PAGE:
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Saturday 3 Aug 2013
Mabul, Malaysia

Under the sea again

I chose to cut out two local buses by catching a taxi to the main bus terminal in the morning, where I was just in time to buy a coach ticket and line up to stick my backpack under the bus.  I chatted to a couple of American girls, Dani and Na, while we queued, but they were sitting further back on the coach.  I was glad to be near the front, given how bumpy the roads were, but I ended up seated next to a huge guy who kept squashing me with his arm whenever he fell asleep.  Luckily, I had my audiobooks to keep me going through the 9-hour journey, although I fell asleep and had to rewind chapters a few times. 

We finally reached Semporna and were dropped off in a gravel car park on the edge of town.  I accompanied Dani and Na as I had nothing else booked, but was beginning to regret it after half an hour carrying my backpack.  After a long walk, we finally found the hostel they had booked in to, then went out for a curry.  We picked up a stray German and an Australian on the way and played cards for a couple of hours after dinner.  Dani and Na are both teachers in Korea.  It’s not somewhere I’d planned to visit, but the more time I spent with them, the more intriguing it sounded.  Na’s family is Vietnamese Chinese (though she was born in America) and we had a good chat about Vietnam and especially the food, as her Mum runs a Vietnamese restaurant in Reno.

Uncle Chang’s office was just around the corner from Global Backpackers, so I asked if they had room for me for three days of diving, as Dani and Na had already booked with them – they even had Sipadan passes, lucky things! 

The boat ride out to Mabul the next morning took about 45 minutes.  Mabul is a small island, extended to at least twice its size by an elaborate system of boardwalks and houses on stilts, which includes Uncle Chang’s dive resort.  The central building is a huge covered dining area with a deck out the front.  Off one side, there is a line of individual huts connected by a long thin boardwalk, while the other side leads to the 4-bed dorm rooms.  I was in the end dorm, with an outside balcony to reach the bathroom.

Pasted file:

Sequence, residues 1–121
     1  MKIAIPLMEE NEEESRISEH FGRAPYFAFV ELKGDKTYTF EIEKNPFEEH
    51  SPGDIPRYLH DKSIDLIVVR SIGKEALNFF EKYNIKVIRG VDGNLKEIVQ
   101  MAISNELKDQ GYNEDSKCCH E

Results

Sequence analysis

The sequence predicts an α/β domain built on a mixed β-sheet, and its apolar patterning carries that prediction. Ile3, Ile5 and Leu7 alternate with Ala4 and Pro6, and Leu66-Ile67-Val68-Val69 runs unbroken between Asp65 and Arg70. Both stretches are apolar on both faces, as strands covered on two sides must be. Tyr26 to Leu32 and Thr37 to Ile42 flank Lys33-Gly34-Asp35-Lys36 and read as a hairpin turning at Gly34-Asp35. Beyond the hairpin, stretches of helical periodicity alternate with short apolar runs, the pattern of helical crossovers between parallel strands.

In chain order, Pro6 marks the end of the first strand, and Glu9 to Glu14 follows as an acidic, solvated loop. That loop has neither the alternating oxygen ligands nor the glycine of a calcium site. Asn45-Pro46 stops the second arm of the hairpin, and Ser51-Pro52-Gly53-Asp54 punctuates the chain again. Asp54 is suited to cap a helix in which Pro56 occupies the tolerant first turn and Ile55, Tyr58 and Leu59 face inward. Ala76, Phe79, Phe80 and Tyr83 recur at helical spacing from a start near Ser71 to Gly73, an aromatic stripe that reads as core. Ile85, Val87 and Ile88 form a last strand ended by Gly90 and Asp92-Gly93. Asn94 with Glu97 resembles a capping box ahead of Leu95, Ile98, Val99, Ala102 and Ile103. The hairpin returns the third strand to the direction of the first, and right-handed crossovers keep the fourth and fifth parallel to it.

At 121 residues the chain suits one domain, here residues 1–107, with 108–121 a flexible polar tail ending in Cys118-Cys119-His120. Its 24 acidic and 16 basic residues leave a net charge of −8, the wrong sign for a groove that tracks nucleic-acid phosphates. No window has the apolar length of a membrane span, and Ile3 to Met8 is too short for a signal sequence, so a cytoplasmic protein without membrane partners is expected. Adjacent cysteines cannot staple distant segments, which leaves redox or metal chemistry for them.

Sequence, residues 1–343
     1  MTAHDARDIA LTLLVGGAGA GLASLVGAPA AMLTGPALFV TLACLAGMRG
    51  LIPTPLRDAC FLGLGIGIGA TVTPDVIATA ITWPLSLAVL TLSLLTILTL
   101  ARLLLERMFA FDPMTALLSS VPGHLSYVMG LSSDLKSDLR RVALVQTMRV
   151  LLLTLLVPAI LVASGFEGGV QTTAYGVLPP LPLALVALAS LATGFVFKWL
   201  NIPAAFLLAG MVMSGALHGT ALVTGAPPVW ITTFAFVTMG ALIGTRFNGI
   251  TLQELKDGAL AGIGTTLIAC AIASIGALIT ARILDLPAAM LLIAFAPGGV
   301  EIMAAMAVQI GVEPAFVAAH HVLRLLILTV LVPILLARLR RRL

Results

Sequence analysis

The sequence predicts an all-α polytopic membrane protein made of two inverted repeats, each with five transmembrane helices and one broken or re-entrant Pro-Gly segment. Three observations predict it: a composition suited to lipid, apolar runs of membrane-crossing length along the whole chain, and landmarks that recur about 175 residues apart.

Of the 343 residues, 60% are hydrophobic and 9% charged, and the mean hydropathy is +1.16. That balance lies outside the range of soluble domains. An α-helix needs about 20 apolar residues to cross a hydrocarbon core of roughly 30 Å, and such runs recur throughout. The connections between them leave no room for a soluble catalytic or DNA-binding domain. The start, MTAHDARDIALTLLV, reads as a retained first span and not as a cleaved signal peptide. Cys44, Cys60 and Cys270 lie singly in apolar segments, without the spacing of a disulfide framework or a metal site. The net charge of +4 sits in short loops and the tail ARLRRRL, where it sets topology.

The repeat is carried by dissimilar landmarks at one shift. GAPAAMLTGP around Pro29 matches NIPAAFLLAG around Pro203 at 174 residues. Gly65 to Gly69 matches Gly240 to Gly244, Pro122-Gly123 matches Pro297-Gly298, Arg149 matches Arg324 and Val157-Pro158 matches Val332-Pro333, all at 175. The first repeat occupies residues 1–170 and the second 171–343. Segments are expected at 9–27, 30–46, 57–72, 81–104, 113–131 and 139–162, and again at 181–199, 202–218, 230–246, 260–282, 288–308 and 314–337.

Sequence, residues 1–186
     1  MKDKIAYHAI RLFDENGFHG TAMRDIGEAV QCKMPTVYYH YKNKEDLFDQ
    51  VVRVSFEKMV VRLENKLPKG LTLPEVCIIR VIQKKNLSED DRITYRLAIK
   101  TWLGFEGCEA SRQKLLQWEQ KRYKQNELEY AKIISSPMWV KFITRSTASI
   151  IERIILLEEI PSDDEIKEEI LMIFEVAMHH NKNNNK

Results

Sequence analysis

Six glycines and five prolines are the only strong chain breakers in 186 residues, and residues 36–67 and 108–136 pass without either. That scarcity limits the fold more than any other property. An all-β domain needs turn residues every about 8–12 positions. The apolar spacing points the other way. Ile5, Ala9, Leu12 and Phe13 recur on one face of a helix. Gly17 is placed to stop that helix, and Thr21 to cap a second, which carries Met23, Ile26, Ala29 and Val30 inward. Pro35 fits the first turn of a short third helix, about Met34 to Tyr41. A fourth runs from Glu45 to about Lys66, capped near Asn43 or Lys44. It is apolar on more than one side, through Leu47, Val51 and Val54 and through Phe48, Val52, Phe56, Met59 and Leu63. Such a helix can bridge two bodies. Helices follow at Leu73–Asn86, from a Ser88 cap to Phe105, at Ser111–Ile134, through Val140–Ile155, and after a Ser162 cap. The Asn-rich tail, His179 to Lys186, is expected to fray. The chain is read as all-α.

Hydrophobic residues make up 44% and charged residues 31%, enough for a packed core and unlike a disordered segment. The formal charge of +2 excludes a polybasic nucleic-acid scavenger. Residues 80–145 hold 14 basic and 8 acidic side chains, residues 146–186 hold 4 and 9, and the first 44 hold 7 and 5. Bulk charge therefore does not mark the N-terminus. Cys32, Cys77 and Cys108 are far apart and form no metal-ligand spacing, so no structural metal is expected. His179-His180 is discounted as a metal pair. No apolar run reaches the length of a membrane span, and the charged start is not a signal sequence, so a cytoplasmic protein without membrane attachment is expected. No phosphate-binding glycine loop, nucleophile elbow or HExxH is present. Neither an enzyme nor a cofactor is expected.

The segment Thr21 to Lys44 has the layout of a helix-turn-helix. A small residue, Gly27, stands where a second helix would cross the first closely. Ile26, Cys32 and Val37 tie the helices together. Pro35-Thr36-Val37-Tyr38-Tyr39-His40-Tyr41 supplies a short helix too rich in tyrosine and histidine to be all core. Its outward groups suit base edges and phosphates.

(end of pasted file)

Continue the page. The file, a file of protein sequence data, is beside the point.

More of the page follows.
We arrived in time for breakfast, then got kitted out with dive gear and went off for the first dive.  Na was here to do her PADI Open Water certificate, having never dived before, while Dani was an experienced diver but wanted to get her Advanced certificate signed off.  As a result, we all dived separately on the first day.  I was diving with a DM named Santi, who knew one of the instructors at Lutwala.

My first dive was underneath Seaventure, a former oil rig converted to a dive resort.  Guests staying there got free diving below the rig but paid to dive any other sites.  It was a bit darker below the rig, but the visibility was still clear.  An assortment of things had been positioned on the sand to create an artificial reef, including rope cages, small boats and even a porcelain toilet.  There was a surprising amount of marine life around the sandy bed, including a few new creatures I’d never seen before, like the crocodile fish (which looks exactly like the name suggests).